International Sambo Federation (FIAS) President Vasily Shestakov has revealed that four sambists, including two from Russia, have tested positive for meldonium.
It comes after Russia’s Sports Minister Vitaly Mutko, a leading critic of the investigations launched into systematic doping in athletics and swimming, revealed yesterday that 27 Russian sportspeople have failed drugs tests for the banned drug as part of "127 cases around the world".
Meldonium was only added to the World Anti-Doping Agency (WADA) banned list on January 1 and the organisation’s spokesperson Ben Nichols had claimed on Thursday (March 24) that the number of worldwide meldonium cases since stood at 123.
Developed in Latvia, meldonium was moved from the monitored to the prohibited list by WADA due to "evidence of its use by athletes with the intention of enhancing performance".
"Sambo did not avoid problems with meldonium abuse as I have received the relevant information," Shestakov told the Russian news agency TASS.
"Doping samples of four wrestlers, including two Russians, tested positive for this substance.
"Our federation stands against any athletic violation and the issue of doping is not an exception.
"We will thoroughly investigate each of the reported cases."
The nationality of the two other unnamed sambists to test positive has yet to be revealed.
Russia are very much the dominant force in sambo, which originated in the Soviet Union in the 1920s when soldiers of the then-Soviet Army developed their own hand-to-hand combat technique.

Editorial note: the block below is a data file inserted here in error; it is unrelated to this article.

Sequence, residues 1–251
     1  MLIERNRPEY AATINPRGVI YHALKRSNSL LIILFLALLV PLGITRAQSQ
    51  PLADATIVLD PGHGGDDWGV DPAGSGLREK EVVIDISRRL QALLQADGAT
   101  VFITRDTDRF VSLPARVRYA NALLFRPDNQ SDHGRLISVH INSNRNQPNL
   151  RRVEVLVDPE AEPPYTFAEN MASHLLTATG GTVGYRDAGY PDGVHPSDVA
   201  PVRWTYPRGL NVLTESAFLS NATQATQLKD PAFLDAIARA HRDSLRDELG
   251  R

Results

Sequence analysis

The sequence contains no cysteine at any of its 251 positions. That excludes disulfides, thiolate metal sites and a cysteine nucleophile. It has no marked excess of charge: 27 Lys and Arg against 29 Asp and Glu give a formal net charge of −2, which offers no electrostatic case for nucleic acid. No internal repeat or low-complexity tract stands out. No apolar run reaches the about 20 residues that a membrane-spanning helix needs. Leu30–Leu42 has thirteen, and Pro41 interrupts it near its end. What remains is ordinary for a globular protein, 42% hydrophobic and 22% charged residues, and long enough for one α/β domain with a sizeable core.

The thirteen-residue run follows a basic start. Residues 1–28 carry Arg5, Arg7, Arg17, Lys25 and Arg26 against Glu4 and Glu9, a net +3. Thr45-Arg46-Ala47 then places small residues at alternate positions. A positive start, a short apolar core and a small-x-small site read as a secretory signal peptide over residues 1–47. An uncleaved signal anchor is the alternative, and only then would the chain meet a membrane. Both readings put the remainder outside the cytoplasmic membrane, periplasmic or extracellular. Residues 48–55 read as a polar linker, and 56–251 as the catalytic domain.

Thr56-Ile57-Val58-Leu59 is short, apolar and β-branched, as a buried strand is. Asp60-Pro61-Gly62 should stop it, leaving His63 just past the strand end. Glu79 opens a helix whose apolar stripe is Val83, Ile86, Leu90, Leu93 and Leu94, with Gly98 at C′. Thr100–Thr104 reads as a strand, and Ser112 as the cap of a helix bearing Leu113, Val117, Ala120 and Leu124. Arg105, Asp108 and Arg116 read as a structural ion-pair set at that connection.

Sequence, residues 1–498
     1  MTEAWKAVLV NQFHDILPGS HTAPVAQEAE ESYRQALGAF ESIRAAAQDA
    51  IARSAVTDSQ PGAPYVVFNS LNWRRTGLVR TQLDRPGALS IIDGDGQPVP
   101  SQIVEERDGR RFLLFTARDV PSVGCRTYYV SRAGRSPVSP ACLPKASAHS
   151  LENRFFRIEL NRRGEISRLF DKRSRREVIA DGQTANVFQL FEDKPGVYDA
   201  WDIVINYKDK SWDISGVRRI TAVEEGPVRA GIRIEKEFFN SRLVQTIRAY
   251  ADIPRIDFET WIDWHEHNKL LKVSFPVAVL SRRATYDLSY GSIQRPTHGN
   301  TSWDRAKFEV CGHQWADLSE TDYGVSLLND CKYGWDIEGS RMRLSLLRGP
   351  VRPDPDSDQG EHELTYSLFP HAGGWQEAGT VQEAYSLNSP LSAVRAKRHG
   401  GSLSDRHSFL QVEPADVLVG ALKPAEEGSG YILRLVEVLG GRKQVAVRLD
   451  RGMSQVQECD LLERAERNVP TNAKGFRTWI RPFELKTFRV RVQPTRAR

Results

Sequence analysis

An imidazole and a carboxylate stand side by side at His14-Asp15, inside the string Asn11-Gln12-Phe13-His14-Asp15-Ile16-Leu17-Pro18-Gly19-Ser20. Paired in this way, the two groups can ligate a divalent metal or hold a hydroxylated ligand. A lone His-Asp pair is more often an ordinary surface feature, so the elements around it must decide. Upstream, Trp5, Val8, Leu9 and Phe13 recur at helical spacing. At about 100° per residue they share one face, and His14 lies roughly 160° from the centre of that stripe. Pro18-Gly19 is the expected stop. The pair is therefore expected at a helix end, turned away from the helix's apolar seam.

The country won 13 gold medals at last year’s World Championships - 10 more than second-placed Kazakhstan’s tally of three.
On the opening day of the Sambo World Cup here in Russia’s capital, they won 10 of a possible 12 gold medals.
Meldonium hit the headlines when five-time Grand Slam champion Maria Sharapova of Russia announced she had tested positive for the substance at the Australian Open in January at a press conference earlier this month.
One of the most high-profile Russian athletes to have failed a test because of meldonium use is swimmer Yuliya Efimova, a four-time world champion.
She won the 100 metres breaststroke title at last year's home World Championships in Kazan and is considered Russia's leading swimmer.
The 23-year-old claims to have taken meldonium for medical reasons and still hopes to compete at this year's Olympic Games in Rio de Janeiro.
She has already served a 16-month ban for doping having failed for banned steroid DHEA in 2013 and is facing a lengthy suspension.
Russia remains suspended from athletics after the All-Russia Athletic Federation were banned last November by the International Association of Athletics Federations following the WADA Independent Commission reports, which alleged the presence of a state-supported doping scheme in the nation.
A decision on their potential reinstatement is expected in May and if it is denied, they could miss out on competing at this year's Olympic Games in Rio de Janeiro.
Mutko yesterday denied claims that the country's swimmers are part of a systematic doping programme as "false accusations" following reports in The Times newspaper.